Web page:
Just how humungous can a star be? One more massive than any other we know has been has been identified in a nearby galaxy. At more than 250 times the mass of the sun, it may one day explode in an exotic blast that involves the creation of antimatter.
Named R136a1, the star sits toward the centre of RMC 137a, a crowded cluster of hot young stars some 165,000 light years away in the Large Magellenic Cloud, one of the Milky Way’s nearest galactic neighbours.
Paul Crowther of the University of Sheffield, UK, and colleagues used the European Southern Observatory‘s Very Large Telescope on the mountain Paranal in Chile to study stars in the cluster, which is so tightly packed it was once thought to be a single, ultra-massive star.
The team estimate that R136a1, the brightest of the stars they studied, is about 265 times the mass of the sun, making it the most massive star ever measured. In its infancy, roughly a million years ago, the star was probably even more massive â€“ some 320 times the mass of the sun: it will since have shed much material in hot, violent winds.
No one is sure how massive a star can be, but until now, the most massive ones seen have had about 150 times the mass of the sun. Such stars must be born in big clusters and shine only briefly before exploding, so they are expected to be rare.
Measuring the mass of R136a1 was not straightforward. The best measurements of star masses come from observations of stars orbiting one another. But Crowther and colleagues suspect R136a1 is a single star, so they had to rely on models that relate the brightness of stars to their mass, taking account of how stars are thought to evolve with time.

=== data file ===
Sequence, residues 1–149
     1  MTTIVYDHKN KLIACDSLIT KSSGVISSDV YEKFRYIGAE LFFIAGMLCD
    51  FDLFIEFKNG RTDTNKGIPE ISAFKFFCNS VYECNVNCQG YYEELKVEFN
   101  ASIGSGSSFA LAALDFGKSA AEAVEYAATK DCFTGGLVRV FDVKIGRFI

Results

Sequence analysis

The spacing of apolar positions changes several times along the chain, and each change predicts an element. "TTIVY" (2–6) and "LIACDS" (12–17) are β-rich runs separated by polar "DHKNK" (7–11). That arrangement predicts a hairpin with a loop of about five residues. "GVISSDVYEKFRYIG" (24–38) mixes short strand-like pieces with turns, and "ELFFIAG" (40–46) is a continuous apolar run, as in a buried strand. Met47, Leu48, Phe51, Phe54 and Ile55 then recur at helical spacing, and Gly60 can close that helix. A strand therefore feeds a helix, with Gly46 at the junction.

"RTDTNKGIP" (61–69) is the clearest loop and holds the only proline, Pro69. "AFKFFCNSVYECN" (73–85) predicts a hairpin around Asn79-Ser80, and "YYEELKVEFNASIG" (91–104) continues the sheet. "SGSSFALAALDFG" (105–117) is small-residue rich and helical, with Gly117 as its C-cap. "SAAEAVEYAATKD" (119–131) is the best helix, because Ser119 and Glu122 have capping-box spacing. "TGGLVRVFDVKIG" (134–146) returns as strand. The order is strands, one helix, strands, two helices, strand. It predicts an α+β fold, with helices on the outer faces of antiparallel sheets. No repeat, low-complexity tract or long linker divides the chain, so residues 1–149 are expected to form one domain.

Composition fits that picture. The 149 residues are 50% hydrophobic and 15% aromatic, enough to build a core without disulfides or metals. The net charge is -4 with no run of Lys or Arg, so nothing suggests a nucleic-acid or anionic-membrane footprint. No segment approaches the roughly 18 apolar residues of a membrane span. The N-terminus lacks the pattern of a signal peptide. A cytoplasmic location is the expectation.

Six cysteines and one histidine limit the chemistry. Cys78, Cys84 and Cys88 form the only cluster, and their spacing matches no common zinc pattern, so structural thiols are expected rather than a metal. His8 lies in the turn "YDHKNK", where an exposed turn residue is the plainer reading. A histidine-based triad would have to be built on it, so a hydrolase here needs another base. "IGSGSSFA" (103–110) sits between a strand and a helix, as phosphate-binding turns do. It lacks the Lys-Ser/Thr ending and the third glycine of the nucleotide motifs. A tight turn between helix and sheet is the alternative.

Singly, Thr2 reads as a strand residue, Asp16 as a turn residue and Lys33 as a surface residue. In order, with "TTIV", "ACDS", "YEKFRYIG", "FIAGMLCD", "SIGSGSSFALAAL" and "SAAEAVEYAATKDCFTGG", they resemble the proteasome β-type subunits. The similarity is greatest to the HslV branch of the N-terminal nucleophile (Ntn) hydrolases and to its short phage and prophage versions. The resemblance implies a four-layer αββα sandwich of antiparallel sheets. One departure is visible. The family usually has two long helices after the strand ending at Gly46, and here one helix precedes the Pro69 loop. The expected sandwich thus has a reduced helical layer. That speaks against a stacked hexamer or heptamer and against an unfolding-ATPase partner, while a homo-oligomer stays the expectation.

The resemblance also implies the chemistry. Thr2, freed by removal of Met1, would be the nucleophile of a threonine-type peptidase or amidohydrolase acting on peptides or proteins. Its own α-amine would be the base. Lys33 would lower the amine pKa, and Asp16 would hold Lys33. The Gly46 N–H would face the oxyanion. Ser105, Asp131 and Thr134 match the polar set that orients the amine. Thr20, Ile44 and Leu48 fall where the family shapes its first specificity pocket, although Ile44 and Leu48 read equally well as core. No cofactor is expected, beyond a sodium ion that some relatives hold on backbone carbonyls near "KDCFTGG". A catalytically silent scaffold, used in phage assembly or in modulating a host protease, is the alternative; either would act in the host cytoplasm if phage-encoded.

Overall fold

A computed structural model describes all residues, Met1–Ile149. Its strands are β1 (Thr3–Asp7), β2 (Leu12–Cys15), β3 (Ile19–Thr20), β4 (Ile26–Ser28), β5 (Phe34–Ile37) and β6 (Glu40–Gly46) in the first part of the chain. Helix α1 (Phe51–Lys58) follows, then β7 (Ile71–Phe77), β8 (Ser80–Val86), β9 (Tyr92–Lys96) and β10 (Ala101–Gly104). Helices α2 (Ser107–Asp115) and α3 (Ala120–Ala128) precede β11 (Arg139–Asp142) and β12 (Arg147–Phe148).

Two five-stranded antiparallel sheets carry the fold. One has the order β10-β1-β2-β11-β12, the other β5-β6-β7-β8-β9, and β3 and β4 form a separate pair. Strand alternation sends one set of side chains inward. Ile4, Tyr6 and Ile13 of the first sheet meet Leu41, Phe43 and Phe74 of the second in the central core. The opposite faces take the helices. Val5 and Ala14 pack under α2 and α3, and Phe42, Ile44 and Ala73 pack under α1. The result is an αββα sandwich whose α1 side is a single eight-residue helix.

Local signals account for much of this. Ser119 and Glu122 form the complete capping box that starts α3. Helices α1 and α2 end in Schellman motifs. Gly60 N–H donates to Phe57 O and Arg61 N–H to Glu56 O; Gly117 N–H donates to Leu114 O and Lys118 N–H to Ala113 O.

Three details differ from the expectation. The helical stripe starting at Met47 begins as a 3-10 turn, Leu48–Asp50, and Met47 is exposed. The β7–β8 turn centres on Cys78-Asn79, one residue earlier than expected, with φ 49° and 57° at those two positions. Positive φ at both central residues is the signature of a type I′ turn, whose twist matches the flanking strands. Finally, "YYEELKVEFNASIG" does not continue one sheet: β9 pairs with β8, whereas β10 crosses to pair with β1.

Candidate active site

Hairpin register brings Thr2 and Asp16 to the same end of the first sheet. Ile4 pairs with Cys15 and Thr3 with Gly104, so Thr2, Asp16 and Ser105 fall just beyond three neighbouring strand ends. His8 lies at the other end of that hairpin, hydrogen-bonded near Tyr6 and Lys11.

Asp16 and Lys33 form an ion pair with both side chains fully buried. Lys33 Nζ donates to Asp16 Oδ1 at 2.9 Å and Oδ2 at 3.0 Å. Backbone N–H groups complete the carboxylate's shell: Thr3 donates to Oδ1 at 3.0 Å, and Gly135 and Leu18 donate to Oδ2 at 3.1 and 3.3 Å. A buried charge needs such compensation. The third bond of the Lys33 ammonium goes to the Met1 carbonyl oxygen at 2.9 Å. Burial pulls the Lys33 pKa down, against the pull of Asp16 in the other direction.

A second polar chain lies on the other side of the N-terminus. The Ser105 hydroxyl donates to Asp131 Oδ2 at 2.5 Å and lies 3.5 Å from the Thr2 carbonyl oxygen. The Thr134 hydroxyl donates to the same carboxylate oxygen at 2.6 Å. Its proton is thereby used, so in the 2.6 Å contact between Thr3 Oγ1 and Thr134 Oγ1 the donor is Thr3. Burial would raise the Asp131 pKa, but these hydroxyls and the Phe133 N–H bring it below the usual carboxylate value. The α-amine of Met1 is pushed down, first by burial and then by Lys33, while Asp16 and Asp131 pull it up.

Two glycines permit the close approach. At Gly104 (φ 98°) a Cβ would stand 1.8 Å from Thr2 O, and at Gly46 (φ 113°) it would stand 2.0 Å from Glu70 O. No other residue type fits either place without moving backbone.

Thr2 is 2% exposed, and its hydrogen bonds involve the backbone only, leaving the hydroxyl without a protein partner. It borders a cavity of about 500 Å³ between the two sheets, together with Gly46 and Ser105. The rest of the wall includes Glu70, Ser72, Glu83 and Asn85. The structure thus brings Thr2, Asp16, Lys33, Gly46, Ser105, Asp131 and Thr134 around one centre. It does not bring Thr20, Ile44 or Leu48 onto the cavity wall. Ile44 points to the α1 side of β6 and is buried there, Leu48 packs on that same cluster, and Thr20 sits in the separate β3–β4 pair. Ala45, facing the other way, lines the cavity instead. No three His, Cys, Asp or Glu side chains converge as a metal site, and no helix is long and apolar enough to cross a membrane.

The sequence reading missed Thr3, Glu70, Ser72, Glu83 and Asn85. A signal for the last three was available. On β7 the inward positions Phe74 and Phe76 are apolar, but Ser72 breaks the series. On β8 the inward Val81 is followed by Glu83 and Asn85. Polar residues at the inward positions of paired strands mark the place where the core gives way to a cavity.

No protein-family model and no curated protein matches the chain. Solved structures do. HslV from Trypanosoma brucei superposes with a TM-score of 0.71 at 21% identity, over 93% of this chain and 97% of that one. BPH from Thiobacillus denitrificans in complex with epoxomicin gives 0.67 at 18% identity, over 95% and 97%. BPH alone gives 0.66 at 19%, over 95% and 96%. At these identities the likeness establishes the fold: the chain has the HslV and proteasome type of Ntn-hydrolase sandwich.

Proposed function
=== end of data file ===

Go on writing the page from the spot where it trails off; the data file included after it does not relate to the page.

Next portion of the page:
That means we can’t be sure just how massive R136a1 is, or how massive it was when it was born. “I think they’ve gotten a very believable answer,” says Philip Massey of the Lowell Observatory in Flagstaff, Arizona. “It’s certainly a very significant find,” he adds, though he says many astronomers already suspected that 150 solar masses was not a hard limit. “I think most people will view this will glee and say ‘I told you so’.”
If there are more supermassive stars out there than we thought, we may have to revise estimates of how quickly galaxies form stars. That’s because the light we see from galaxies could be produced by fewer, brighter stars than we thought possible, says Mark Krumholz of the University of California, Santa Cruz.
R136a1 and a handful of other massive stars identified by the team could also be stars to watch, as they are candidates for an exotic stellar death triggered by the creation of electrons and their antimatter counterparts. These explosions â€“ called pair-instability supernovae â€“ are expected to rip apart stars and could explain the properties of some recent bright supernovae.
Finding more of these massive stars may require new telescopes that can see individual stars in more distant clusters. “My suspicion is this is about as big as they get in places where we can pick out individual stars with our telescopes,” Crowther says.
But such discoveries may not be far off. A new generation of telescopes is coming, such as NASA’s James Webb Space Telescope, set to launch in 2014, and the planned European Extremely Large Telescope, a 42-metre telescope astronomers hope will be ready by 2018.